Wednesday, 25 February 2015

25% Off



After we decided in mid-January to give ourselves a pay cut we started to put things into action immediately. It might seem a bit... fake to some people but to us it's just doing a dry run to prepare us for a possible future. It was quite easy to start straightaway as we'd had a big day out, I was still working through my birthday gifts, the car had just been serviced the tyre replaced and things were easy. We didn't plan it that way, the plan came to mind afterwards, there's never a perfect time to make a change, so it didn't feel as though we were cheating. There was still enough of the month and the usual budget left to do a bit of jiggling and set a few things up. 

In order to set myself up for the smaller budget I thought it would be a good idea to retain £50 from the January budget as a float/overdraft for myself. That is for emergencies only, it should just stay as the base level of my current account unless something very serious happens. 

I was going to list a few things we did differently or to save money, but I don't think a lot of things fit into those categories. Quite a lot of things we did were just to organise ourselves or to do things we had to/wanted to do, or things we did instead in our free time instead of spending money, so it's a bit of a mish mash. 

5 things in February

1. used cash only for grocery spending 
2. got out and about with the camera
3. more cooking together, especially at the weekend
4. lots and lots of talking
5. the house was cleaned, tidied, organised and embraced - we really have enjoyed how much we love the house and spending time here

We haven't scrimped on things, we've just been aware of them and the more we've saved, the more we want to save. I've been very pleased to have saved £100 pounds from my budget, it was really easy as it's a cheap month for me as I wasn't having my hair cut, nothing was needed for the buns and it was a cheap pension month. Next month could be harder, but we shall see. 

12 comments:

  1. I love what you are doing, hubby retires in September and we have been examining our spending habits, not going to town each Saturday to buy 'stuff' which we don't need, just because we see it. We have enough clothes to last years, and my shoes. Our camera's are out, and we live near the coast and will walk each day.

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    1. Thank you.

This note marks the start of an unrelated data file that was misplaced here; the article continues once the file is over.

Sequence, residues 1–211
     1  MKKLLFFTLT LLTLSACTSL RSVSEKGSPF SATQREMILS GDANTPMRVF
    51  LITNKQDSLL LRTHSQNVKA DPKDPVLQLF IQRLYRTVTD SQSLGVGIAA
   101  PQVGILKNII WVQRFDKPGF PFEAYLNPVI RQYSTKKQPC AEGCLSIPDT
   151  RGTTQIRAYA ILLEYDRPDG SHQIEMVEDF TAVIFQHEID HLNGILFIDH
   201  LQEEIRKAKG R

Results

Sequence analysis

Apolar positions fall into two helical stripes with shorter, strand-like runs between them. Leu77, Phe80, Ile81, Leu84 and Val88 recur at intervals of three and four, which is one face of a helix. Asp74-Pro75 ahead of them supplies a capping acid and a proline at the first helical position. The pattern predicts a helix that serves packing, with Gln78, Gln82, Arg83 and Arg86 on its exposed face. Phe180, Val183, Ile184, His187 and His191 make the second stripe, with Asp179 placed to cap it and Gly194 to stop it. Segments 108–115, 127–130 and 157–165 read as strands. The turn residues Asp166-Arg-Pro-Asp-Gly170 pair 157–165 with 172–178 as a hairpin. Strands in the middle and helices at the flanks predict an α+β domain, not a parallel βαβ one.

It's really interesting isn't it to take a fresh view of the resources available. All those things we take for granted, or even ignore, that can come into their own at times like this. The ever-changing coast is a big bonus, always something to see.

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  2. I'm enjoying your blog and watching your progress with this intently. Good effort this month :)

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    1. Thank you. It feels like we're off to a good start. Dan is way to excited about pay day tomorrow to get the next lot of savings into the bank!

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  3. It's not fake, it's practising so you know how difficult it might be, if and when it happens so you don't have a sudden shock or get into debt! Sensible!x

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    1. Thanks Kezzie. I don't think I've ever been called "sensible" before :)

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  4. I'm doing something very similar and have been amazed by the amount of money I've been able to pop on one side. Jx

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    1. It's been a massive surprise how much we've been able to save without having to make any real changes. It's very motivating.

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  5. The fun comes in finder cheaper ways to do things eg a local hairdressing college to get your hair done very cheaply! Xxx

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    1. Thanks, you're right, the little tricks are fun to discover. All tips are welcome, something that's obvious to you might not be obvious to me!

      We have been on a bare bones budget before when we were paying our debts off, we cut our own hair for years (something I would not wish to return to). Dan has already ditched the "nice" hairdresser and went to a cheap and (not very) cheerful barber near his office. He has now been pointed in the direction of a cheaper and more modern barber here in town.

      I have spoken to m hairdresser and if need be I can get a wet or dry cut for less money than I spend now, so that's also good.

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  6. When I first started back to work full time in the year 2000 my wage was a luxury but slowly over the years it has turned into a necessity. I have had the idea to start living off my husbands wage as soon as I have built up a bit of a fall back and saving my whole wage each month in case my job doesn't work out or I retire earlier than hubby. If you are forced to live on a lower income as we were for the last few years with hubby taking a 26% pay cut for 3 years then you soon learn to recut your cloth according to your new means! Good luck with your thrifting.

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  7. Thank you.

    We know Dan's job is safe until next year, but with the election coming up and further cuts on the horizon we need to be prepared. Luckily (?) for us, we have been on a really tight budget before, it's a matter of remembering and relearning a lot for us at the minute.

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